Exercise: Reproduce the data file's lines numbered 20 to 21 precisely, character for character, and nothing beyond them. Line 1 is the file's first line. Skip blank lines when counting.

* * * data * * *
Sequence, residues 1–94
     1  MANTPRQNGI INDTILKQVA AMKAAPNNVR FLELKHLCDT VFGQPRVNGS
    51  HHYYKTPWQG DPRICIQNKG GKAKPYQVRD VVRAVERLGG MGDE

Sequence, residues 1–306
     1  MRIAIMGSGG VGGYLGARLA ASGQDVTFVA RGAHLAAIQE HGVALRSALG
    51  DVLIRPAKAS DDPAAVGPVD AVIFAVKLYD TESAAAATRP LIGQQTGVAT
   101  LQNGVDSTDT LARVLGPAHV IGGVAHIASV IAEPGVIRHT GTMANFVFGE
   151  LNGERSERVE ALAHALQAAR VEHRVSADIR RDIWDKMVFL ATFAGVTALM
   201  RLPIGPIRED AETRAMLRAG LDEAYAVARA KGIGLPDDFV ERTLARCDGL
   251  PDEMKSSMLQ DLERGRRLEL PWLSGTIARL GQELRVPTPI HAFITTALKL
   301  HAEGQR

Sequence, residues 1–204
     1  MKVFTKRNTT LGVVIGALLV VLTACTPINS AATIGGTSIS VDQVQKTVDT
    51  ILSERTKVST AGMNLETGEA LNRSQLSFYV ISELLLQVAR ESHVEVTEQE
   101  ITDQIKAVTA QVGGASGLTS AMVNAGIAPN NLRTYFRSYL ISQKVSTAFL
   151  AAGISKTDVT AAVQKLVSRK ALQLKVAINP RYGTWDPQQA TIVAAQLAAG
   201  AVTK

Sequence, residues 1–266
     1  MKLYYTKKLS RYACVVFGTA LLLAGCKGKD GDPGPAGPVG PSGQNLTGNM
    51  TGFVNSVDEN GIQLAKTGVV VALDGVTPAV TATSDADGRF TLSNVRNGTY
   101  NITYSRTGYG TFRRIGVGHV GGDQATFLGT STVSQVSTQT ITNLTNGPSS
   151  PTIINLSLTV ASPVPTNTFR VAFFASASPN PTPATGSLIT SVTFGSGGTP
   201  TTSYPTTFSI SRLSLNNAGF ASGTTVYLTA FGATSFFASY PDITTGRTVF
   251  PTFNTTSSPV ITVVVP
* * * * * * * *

    51  TGFVNSVDEN GIQLAKTGVV VALDGVTPAV TATSDADGRF TLSNVRNGTY
   101  NITYSRTGYG TFRRIGVGHV GGDQATFLGT STVSQVSTQT ITNLTNGPSS